Comparing these two articles seems to yield a perfect conclusion: irony and cynicism is merely the ethos of a subculture, and not of the mainstream. This is easy enough to swallow. But even after doing this “research,” I found that I was still puzzled as to where I had developed my own ironic streak. If irony was only part of the sub-culture, why was it informing my rather mainstream life?

I wondered whether it was a problem specific to Princeton. To some extent, I felt like my connection to irony and cynicism was linked with my understanding of intelligence. Perhaps Princeton students, as part of our not-so-secret Ivy League snobbery, tend as a group to confuse earnestness with stupidity. But I know plenty of Princeton students, many of whom far smarter than I, who rarely use sarcasm. I then considered if the problem was rooted in my own group of friends at school. Since coming to Princeton, I very quickly found my way among a group that could best be described as “comedy people.” Certainly since making these friends I had come to value laughter more deeply – my sense of humor sharpened and gained some edge beyond that of the typical college student. Nevertheless, I can think of plenty of hilarious friends who rely more on character work, slapstick, and “the absurd” to make people laugh than on deadpan alone.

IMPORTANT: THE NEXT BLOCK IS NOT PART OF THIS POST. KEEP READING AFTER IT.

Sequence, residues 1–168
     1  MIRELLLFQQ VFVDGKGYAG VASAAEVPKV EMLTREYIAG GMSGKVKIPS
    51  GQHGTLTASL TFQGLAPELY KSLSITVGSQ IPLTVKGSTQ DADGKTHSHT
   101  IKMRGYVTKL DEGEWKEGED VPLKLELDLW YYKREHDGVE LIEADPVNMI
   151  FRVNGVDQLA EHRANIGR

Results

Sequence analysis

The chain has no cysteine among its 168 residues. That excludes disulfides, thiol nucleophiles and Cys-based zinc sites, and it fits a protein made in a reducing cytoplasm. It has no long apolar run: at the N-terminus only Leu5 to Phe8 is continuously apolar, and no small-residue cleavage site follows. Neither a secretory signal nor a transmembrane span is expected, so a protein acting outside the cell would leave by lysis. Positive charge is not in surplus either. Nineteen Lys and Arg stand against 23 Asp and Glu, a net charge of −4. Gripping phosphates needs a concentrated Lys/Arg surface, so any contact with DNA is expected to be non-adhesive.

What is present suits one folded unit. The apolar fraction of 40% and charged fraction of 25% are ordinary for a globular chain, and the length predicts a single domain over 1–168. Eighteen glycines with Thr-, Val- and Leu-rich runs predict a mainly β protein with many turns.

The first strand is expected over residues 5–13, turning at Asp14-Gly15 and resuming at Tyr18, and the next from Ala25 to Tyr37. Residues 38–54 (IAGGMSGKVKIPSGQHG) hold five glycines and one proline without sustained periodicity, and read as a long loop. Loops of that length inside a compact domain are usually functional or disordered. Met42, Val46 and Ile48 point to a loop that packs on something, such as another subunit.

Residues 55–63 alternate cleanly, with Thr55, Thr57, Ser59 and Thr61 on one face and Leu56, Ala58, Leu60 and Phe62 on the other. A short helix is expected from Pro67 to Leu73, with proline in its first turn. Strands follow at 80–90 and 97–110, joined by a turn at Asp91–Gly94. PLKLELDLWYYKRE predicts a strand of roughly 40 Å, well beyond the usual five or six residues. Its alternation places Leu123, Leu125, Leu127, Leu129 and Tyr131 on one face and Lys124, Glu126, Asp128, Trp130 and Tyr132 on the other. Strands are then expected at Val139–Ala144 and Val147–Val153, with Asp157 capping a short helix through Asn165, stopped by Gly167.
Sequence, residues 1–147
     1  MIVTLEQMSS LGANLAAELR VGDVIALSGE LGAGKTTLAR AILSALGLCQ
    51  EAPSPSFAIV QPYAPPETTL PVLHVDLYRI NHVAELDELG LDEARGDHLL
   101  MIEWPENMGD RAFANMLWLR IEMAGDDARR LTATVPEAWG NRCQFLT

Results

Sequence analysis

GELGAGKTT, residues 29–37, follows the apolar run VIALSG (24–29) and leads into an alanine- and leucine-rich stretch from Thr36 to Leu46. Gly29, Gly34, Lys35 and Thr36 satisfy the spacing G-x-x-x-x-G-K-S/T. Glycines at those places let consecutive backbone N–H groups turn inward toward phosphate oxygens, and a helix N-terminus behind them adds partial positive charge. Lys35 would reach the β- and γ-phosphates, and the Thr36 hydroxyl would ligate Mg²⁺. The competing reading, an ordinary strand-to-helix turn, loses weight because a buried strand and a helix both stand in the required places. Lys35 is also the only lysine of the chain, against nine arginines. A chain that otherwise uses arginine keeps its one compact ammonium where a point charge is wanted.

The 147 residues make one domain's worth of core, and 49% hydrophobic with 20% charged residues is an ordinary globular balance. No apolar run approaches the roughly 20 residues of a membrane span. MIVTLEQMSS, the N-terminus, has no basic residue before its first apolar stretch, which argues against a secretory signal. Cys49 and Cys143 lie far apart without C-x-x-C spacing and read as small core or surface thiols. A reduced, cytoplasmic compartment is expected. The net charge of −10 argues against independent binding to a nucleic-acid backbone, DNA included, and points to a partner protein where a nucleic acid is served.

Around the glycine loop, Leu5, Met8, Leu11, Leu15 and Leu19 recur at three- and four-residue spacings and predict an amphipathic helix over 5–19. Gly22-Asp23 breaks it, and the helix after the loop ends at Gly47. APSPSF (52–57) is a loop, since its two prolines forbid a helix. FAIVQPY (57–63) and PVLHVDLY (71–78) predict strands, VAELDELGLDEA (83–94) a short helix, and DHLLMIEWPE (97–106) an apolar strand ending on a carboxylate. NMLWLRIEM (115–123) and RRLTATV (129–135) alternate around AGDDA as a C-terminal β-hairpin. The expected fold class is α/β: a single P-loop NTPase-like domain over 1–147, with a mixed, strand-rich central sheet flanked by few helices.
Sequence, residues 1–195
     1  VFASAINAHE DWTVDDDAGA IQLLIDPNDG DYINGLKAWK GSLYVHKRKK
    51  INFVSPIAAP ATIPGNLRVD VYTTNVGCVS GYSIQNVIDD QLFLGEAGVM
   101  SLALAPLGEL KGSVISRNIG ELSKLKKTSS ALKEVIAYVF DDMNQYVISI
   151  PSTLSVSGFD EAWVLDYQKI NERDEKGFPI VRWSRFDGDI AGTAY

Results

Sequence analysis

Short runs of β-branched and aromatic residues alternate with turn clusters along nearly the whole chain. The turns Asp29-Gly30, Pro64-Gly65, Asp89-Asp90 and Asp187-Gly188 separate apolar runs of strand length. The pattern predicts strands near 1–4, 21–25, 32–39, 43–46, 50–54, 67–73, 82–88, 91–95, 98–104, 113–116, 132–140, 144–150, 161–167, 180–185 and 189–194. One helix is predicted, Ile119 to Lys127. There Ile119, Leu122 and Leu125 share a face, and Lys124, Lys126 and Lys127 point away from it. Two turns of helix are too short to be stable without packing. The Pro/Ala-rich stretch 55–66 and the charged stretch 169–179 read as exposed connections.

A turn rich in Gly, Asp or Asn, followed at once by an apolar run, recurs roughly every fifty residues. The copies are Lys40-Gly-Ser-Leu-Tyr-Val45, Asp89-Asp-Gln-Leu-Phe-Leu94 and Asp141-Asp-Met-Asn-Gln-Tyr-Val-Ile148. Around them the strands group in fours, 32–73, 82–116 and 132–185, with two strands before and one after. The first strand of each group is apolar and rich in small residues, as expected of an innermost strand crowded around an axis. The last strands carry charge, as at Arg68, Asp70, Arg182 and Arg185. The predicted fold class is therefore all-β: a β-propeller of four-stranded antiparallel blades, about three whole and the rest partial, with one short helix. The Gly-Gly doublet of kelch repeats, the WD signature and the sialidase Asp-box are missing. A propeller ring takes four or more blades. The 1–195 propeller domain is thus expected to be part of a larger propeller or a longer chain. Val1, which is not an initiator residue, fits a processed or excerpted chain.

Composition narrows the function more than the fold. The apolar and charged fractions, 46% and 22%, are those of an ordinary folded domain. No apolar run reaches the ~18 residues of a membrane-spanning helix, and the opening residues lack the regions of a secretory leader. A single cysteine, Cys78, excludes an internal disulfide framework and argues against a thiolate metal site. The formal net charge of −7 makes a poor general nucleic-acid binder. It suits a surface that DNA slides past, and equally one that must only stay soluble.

Most likely my reliance on irony was caused by a combination of these factors: the super-smart culture at Princeton and the reliance on deadpan in comedy to name a few (and I’m probably more of a “hipster” than I had imagined or would like to admit). More importantly, however, I’ve concluded that my reliance on sarcasm in this specific situation reflects a desire to dodge important issues and seem uncaring when it comes to romantic relationships. Certainly I use irony as a defense mechanism when it comes to guys, fearing that my own earnestness will land me in a trap and I will be the one “wanting more.” But I would argue my reliance on sarcasm in the context of “love and lust” is part of a broader attempt to appear totally calm and collected in all walks of life. For me, and I think for many others, “cool” has come to mean “indifferent” and sincerity has suffered as a result.

Making the connection between sarcasm and my desire to appear uncaring was a wake-up call for me. We all care very deeply about certain things, and it shouldn’t be “uncool” to take something seriously or to be authentically engaged. And if it is “cooler,” fuck it: the best and most accomplished people I know in this life are those who care very deeply, whether it’s about their family, their country, a sports game, or even a Broadway musical. Irony is a great tool to make light of situations, but shouldn’t be used to keep us at a distance from life. Get your hands dirty: try the thing you roll your eyes at. Say what you want to say and let yourself care. It’s not like I’ll be giving up sarcasm entirely any time soon –I do go to college and Woody Allen is as important to my Jewish family as Genesis. But maybe I should give Andrew—and if not Andrew (boat shoes really can’t be worn un-obnoxiously, after all) at least the brand of “good guy” earnestness he stands for—a chance.